The European Union has 28 member countries and every European Country has something that is worst at. And kinda like Captain Planet, when their powers combine, they make for a pretty great place to live. But that doesn’t mean each country is without its flaws. It’s like the Planeteer who controlled the element of Heart. Sure, he helped make Captain Planet. But he was the worst at getting haircuts.
What every European country is the worst at
For whatever reason, young Austrian people seem to think smoking is still cool, so they’re sucking down cigarettes. A LOT of cigarettes. Every day, 29.4% of Austrians age 15-24 inhale coffin nails.
In the time it takes to drive through a Belgian city, you could probably eat a dozen waffles. In fact, the two most traffic-congested cities in the world, Brussels and Antwerp, are both in Belgium. You thought Houston and Atlanta were bad — now try navigating all that in Dutch and French.
According to Reporters without Borders, Bulgaria has the least freedom of the press in the European Union, and it ranked 87th on a list of 179 countries in the world. We’d badmouth Bulgaria more, but nobody there is probably reading this anyway.
The country with the most freedom of the press in the world? Finland, of course
Since 2000, Croatia has had the least participation in the Erasmus, Europe’s university exchange program, compared to its total population. The country is the most recent addition to the European Union, having officially joined in July 2013. It’s also really easy to spot on a map because it’s shaped like the first letter in it’s name (a big C), which is way cooler than the Italian boot shape. Italy should be named Bootaly. That’d be way better.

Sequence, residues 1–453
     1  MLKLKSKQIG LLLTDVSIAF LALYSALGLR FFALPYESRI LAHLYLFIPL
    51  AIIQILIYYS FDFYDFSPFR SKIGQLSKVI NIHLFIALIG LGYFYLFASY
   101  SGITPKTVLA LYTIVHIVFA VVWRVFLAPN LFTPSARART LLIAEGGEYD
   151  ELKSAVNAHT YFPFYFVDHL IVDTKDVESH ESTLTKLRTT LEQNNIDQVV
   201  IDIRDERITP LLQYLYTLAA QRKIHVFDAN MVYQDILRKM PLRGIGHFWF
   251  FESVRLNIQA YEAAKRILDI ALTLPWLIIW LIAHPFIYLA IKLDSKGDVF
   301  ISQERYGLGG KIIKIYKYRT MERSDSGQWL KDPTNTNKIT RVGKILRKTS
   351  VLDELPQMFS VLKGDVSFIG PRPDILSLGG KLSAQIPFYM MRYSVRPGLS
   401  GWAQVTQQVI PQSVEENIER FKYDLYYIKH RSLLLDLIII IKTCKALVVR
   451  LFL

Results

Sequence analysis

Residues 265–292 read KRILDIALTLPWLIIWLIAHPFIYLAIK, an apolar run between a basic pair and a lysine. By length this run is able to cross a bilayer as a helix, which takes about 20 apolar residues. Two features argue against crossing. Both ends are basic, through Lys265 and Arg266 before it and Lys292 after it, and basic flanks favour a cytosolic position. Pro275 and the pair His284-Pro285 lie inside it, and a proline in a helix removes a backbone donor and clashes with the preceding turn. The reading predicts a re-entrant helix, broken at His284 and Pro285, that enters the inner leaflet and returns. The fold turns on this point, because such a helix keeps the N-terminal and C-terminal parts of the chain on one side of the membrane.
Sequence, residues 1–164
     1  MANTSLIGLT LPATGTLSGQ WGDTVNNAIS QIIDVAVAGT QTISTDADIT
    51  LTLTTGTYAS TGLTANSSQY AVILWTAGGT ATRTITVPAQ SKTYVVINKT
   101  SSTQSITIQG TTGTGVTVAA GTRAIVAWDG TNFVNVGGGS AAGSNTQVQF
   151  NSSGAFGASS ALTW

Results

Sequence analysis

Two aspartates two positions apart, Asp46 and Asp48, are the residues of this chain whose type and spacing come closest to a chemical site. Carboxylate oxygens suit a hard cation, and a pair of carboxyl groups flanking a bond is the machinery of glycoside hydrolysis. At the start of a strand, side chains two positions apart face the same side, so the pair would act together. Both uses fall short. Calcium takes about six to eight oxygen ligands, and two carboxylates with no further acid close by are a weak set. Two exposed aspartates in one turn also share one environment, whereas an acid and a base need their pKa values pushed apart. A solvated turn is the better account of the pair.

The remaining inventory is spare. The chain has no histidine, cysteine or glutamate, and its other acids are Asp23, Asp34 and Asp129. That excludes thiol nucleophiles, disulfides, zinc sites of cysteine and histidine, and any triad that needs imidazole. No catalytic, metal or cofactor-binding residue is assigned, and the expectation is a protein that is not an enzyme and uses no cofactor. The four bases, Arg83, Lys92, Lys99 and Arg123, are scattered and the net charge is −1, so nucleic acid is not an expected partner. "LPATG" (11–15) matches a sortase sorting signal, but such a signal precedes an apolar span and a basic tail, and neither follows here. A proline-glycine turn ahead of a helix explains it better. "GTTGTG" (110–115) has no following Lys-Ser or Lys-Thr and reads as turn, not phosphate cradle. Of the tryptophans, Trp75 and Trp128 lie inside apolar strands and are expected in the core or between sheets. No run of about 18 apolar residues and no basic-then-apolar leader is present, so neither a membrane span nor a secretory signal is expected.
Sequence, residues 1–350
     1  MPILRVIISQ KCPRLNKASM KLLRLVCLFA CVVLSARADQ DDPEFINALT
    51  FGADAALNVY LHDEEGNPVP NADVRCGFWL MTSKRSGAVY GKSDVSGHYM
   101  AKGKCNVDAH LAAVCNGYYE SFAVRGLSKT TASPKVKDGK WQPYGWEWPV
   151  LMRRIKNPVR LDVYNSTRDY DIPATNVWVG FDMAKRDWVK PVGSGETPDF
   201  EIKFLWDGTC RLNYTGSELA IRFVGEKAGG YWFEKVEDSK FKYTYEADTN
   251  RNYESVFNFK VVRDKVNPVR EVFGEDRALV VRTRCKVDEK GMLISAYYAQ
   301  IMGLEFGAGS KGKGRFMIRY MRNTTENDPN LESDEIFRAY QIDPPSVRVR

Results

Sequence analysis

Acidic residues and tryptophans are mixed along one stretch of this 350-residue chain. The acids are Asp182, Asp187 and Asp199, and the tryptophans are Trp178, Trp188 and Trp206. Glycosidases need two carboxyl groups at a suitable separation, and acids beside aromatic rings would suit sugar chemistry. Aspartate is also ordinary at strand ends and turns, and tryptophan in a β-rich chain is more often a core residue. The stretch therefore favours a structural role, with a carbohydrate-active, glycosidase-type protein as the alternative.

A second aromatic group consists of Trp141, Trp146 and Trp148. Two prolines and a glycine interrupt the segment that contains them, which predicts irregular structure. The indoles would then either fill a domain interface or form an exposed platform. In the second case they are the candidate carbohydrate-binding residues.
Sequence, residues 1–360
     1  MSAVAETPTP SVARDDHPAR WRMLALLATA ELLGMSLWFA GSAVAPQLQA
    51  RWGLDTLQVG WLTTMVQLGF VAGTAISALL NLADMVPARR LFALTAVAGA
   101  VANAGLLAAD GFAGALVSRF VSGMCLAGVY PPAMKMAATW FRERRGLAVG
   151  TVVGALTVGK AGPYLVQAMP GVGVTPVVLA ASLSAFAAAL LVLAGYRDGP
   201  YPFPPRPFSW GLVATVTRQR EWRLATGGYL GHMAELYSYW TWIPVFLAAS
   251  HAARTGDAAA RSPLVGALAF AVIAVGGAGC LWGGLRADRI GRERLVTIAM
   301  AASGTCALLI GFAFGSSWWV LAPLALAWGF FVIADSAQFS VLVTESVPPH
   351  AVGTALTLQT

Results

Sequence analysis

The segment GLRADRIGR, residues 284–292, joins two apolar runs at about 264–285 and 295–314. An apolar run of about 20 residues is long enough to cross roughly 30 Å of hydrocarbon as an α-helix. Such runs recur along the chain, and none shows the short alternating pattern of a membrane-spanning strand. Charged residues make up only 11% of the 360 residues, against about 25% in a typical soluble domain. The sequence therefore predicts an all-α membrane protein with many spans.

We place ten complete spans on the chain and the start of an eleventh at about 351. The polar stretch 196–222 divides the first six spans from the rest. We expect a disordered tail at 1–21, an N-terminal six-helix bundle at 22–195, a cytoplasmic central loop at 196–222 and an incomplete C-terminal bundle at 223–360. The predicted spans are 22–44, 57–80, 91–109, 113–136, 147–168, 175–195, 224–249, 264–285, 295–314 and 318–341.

Cyprus: Fewest 18-year-olds in school
What are 18 year olds in Cyprus doing? Well, not smoking as many cigarettes as their Austrian peers, or being killed by cars while cycling like the Dutch. But they’re definitely not going to school as much, either. But if you were surrounded by that Mediterranean climate, you probably wouldn’t want to be in school, either.
The movie Taken should have taken place in the Czech Republic, end of story.
Life in Denmark is pretty great. But there are only two Zara stores in the entire country. God forbid you’d have to shop somewhere else. But really, if you’re after reasonably priced Spanish clothes, you’re going to have to fight for them against other Danes — in fact, you’ll have to fight with about 2.8 million other Danes per store. That’s a lot of Danes.
Estonia: Biggest gender pay gap
In Estonia, women make 27.3% less than their male counterparts. Even in a place thought of as being really macho, like Italy, the difference is only 5.8%. Women’s wages in Estonia are more unfair than the rules of Monopoly.
Finland is really good at a lot of things–like that “whole freedom of the press” deal. But depression is pretty prevalent; if you were that far north, you’d probably get depressed by all the cold weather, too. Fortunately, Finland’s suicide rate is no where near Lithuania’s.
To no one’s surprise, France has Europe’s lowest English proficiency. Somewhere, a guy eating soft cheese and a baguette is saying, “I don’t care” in French.
Germans aren’t particularly interested in owning their own homes… probably because they already own most of Spain and Greece.
This one just edged out “Country with hairiest arms”. As of the end of 2013, Greece’s foreign debt was 130.3% of its GDP. Translation: that’s really bad.